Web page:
Is Your Insurance Policy Healthy Too?
By Jay Sampat |
2/14/2011 11:32 AM Monday
Health insurance is a big ball of unknowns – so big, in fact, that many of us put it on the back- burner rather than deal with it. Nevertheless, it’s one of the most important decisions you will ever make. Think about it: your entire family’s well-being depends on it. To stay motivated, it helps to remember that insurance protects not only your health but your entire financial plan. Nothing is more devastating to your bank account than a stack of uncovered hospital and doctor bills. And even if you have insurance, healthcare bills can pop up everywhere – from services that aren’t covered to unforeseen emergencies. Given the multitude of options in the health insurance space, making a decision is difficult.
Moreover, life insurance companies have entered the health insurance space and hence customers have a greater choice than before. Here’s a look at the various aspects that need to be considered while signing up for a mediclaim policy. Policy Tenure: In case of health insurance offered by general insurers, the mediclaim has to be renewed annually whereas in the case of health covers offered by life insurers the policies are renewable after three years or more, depending upon the insurance company. The premiums are likely to remain unchanged in the three-year period. After three years, it works like a regular mediclaim policy which revises premiums on an annual basis.
Health Insurance Cover:
Experts advise going for a cover of around Rs 5 lakh if you stay in a metro and around Rs 2.5 lakh if you stay in a smaller city.Policyholder's Contribution:
This clause is seen mostly in health covers designed for senior citizens. It is also common in group mediclaim covers offered by employers that cover the employee and his/her family members. The co-payment clause is applicable mostly to the family members. At the other end of the spectrum are defined benefit plans wherein you will know how much you will earn from your cover in advance. These are a drawback for individuals who have signed up for a less sum assured. However, it could be a plus for an individual who has signed up for an adequate sum assured.Sub-Limits:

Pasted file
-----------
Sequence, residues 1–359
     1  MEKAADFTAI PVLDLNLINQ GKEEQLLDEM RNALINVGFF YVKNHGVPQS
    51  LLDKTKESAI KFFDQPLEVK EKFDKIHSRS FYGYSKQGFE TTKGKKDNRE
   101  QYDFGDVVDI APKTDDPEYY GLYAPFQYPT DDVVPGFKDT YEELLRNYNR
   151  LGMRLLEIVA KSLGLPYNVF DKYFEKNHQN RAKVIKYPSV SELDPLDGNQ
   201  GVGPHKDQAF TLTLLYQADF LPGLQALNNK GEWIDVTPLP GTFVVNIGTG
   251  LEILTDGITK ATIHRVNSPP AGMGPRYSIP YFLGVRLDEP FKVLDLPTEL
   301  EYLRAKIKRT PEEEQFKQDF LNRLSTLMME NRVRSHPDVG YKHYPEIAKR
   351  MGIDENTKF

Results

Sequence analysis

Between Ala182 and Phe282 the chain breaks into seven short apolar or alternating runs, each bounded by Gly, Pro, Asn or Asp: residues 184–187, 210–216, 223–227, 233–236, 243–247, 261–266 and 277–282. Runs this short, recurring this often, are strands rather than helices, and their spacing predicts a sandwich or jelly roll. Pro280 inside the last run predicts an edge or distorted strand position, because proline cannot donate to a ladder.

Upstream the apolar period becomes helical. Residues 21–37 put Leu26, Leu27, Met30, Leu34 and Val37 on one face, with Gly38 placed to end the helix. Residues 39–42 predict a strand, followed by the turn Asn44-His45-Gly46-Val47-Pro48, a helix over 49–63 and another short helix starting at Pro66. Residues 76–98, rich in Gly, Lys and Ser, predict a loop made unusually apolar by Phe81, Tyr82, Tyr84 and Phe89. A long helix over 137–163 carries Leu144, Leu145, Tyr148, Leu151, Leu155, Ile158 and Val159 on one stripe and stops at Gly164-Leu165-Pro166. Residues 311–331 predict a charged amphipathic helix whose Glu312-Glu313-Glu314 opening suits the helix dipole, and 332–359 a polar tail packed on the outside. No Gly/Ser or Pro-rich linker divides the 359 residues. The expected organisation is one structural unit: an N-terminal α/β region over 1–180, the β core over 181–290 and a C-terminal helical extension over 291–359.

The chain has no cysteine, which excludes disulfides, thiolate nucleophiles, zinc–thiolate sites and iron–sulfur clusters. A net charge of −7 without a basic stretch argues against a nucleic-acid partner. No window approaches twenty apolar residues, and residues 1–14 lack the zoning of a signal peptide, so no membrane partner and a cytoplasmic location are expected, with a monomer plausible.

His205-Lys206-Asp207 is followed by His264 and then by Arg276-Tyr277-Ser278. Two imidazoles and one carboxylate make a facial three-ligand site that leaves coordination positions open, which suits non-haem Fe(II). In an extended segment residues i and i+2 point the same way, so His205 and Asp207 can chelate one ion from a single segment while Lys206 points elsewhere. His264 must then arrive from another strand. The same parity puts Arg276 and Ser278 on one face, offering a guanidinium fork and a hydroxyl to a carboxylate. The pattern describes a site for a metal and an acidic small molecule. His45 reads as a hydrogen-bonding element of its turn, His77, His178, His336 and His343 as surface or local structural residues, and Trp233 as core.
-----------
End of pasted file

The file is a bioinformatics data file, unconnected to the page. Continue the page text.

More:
Sub-limits (room rent, doctors’ fees, diagnostics, etc.) have been introduced in mediclaim policies to tackle the rising healthcare costs. Say, if you have a sum insured of Rs 2 lakh and the insurer has capped your room rent at 1 per cent of the sum insured, then your room rent cannot exceed Rs 2,000. If it exceeds that amount, then one has to pay the balance independently. Similarly, insurers also impose a sub- limit on doctors’ fee at 25-30 per cent of the bill amount.Type Of Policy:
The first kind of health insurance is the traditional mediclaim policy that general insurers offer. These are reimbursement plans that cover hospitalisation expenses. The claims are settled by the insurer either on a cashless basis through a tie-up with hospitals or by reimbursing bills. The second type are defined benefit plans, offered by life insurers, which include critical illness policies and payment of a lump sum on the diagnosis of any of the named critical illnesses in the policy. If the insurance company is stipulated to pay Rs 1 lakh for a certain critical illness, the company will pay Rs 1 lakh irrespective of the size of the claim. Insurers generally do not cover any of these illnesses if they get diagnosed within 90 days from the effective date of the policy.Premium Comparison:
While the premiums of health covers from life insurance companies and general insurance companies are comparable, the claim settlement procedures of both are different. In the case of life insurers, the service of claim settlement to TPAs is outsourced. Among the general insurers, most private sector companies have changed this practice and carry out the claim servicing business within the company itself.In a way, the company becomes directly responsible for claim settlement.The Pre-existing Diseases Clause:
All policies have a waiting period before the cover begins. There are mediclaim covers which do not cover pre-existing diseases for four years while there are others which don’t cover pre-existing disease for three years. Note: Reimbursement cover should be the ideal base cover for any policyholder as that would cover the hospital bill. However, not all costs are covered as there are various expenses which fall outside the purview of a traditional reimbursement plan such as buying medicines post-hospitalisation, etc. In such cases, you could top up a traditional reimbursement plan with a defined benefit plan to be able to tackle all the medical-related expenses. Last but not the least, it always makes sense to have an additional mediclaim even if you are covered under your employer’s mediclaim scheme.
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